In addition to the basic DNS services bundled with my PairNIC domain registration I’m using the services of DynDNS to resolve my current IP address to a hostname.

DynDNS has both free and paid services. With the free service (what I’m using) you can only resolve a name in one of their domains to an dynamic IP.

I chose, because .info domains are rare and strange.

So, great, with a script running on my server (more on this) I can keep pointing to my current IP. But I really want to use the domains that I paid for. Can I do this?

I wasn’t sure, but after doing a few experiments I discovered that the answer is a qualified yes.

Using CNAME records it’s possible to resolve everything except a bare domain (eg, to I’m depending on the smarts of the web spiders and modern browsers to “resolve” to when they discover that doesn’t have any DNS records.

How is it set up?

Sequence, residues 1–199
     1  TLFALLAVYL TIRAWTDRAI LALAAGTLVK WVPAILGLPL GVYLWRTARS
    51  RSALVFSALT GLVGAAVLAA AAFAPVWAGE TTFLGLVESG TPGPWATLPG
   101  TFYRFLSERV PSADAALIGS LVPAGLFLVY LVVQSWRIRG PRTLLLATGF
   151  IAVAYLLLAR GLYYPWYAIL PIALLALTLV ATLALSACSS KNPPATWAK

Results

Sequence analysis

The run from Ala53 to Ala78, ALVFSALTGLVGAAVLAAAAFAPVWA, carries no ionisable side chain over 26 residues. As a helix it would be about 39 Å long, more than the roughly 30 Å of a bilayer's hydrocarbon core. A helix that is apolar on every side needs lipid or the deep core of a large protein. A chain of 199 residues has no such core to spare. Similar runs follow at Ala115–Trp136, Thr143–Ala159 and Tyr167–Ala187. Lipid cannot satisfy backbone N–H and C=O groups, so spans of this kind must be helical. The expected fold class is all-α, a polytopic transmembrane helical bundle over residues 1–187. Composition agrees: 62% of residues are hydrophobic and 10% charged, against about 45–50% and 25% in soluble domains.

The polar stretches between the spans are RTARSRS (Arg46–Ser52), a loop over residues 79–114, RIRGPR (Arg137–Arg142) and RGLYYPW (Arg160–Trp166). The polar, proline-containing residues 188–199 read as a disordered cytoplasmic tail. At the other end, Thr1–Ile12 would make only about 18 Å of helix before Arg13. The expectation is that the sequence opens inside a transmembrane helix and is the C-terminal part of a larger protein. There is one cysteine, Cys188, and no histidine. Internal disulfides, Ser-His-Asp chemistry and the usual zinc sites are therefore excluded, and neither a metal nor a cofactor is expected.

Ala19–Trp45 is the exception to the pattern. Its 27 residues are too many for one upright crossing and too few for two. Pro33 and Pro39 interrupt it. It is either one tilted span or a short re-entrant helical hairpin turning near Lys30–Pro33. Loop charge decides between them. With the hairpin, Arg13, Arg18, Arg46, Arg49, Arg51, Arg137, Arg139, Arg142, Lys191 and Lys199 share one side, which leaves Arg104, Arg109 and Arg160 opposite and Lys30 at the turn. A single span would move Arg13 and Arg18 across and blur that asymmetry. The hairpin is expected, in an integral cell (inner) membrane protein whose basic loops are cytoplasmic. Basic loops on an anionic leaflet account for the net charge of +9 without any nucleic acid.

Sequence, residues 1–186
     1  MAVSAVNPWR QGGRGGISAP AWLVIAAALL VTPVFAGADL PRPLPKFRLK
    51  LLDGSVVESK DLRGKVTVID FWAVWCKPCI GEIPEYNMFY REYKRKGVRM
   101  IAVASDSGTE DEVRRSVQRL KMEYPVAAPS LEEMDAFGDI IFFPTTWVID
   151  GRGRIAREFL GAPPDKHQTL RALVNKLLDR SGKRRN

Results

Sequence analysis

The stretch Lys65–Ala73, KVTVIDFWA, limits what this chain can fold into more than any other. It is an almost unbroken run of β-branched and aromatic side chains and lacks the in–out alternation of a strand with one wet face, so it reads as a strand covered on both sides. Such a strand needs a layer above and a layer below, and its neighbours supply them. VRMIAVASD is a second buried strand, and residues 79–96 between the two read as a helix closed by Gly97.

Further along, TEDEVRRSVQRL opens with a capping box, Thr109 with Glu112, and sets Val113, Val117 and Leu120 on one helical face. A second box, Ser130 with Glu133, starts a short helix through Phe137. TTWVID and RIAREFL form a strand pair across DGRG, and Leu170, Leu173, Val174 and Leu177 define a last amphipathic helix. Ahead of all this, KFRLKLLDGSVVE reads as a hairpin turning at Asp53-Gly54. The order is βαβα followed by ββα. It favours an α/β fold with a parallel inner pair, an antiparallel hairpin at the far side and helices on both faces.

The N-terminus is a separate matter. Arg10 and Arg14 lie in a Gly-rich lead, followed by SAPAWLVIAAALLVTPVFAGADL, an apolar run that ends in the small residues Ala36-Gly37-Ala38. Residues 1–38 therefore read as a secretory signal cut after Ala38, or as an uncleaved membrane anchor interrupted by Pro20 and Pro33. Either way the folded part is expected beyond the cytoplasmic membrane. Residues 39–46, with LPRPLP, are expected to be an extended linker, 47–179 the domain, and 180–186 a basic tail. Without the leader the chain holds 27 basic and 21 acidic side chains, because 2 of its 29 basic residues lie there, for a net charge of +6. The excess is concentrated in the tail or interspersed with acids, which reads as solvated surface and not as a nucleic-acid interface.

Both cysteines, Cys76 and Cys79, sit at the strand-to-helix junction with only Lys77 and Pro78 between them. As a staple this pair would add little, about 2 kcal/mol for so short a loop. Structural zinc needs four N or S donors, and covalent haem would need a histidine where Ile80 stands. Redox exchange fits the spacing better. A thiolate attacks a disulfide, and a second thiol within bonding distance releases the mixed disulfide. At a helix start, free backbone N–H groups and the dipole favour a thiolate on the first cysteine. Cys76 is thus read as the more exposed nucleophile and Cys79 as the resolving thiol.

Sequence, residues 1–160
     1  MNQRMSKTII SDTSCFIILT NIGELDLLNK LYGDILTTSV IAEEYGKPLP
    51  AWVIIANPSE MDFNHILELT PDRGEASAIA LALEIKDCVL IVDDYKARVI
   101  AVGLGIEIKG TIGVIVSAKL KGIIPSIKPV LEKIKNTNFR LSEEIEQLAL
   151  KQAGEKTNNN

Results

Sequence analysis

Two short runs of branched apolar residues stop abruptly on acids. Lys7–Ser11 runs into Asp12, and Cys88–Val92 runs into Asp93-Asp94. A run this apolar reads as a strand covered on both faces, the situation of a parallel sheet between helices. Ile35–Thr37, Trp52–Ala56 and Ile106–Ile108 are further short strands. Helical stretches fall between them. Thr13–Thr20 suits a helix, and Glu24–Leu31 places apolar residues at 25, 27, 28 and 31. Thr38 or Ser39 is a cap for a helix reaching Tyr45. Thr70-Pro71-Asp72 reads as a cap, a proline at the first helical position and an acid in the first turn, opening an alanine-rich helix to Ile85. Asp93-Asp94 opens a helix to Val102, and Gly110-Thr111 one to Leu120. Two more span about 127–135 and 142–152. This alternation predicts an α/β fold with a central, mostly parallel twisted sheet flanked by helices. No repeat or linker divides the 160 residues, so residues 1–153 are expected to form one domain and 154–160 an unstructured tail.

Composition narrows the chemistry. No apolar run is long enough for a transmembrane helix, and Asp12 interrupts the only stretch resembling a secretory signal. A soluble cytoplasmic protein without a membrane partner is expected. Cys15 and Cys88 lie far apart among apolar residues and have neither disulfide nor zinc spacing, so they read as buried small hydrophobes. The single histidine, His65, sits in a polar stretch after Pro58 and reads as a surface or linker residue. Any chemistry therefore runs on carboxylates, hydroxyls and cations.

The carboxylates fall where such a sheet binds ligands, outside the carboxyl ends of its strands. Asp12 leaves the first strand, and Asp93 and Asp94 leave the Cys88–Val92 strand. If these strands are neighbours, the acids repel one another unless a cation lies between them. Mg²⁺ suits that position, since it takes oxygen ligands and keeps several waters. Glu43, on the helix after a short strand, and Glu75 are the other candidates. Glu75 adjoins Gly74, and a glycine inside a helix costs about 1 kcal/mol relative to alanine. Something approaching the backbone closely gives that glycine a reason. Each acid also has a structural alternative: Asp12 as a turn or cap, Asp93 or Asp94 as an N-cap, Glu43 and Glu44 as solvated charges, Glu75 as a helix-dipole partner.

At PairNIC I’ve set up the following:

  @     MX  10
  www CNAME

and after signing up at DynDNS and setting (by hand, using their web interface) my current IP, everything seems to work.

What happens when my IP address changes (which it does infrequently – every month or so)?

I can run a script (as yet only partly written, though it is in principle very simple) that every minute or so grabs the HTML page describing the current status of my local router, picks the WAN IP address out of this, compares it to its cached value, and if it has changed, does a GET request on DynDNS’s web service to update

Because DynDNS has set very low TTLs (time to live value – how long clients can cache the mapping) of a minute, these updates can propagate quickly.

There are also open-source clients available that DynDNS recommends, and for developers there is a test account to make requests against without getting your own hostname blocked for abuse.

I wrote my own little dynamic DNS updater script.

Anyone can do this. It’s free, it’s fun, and it’s easy!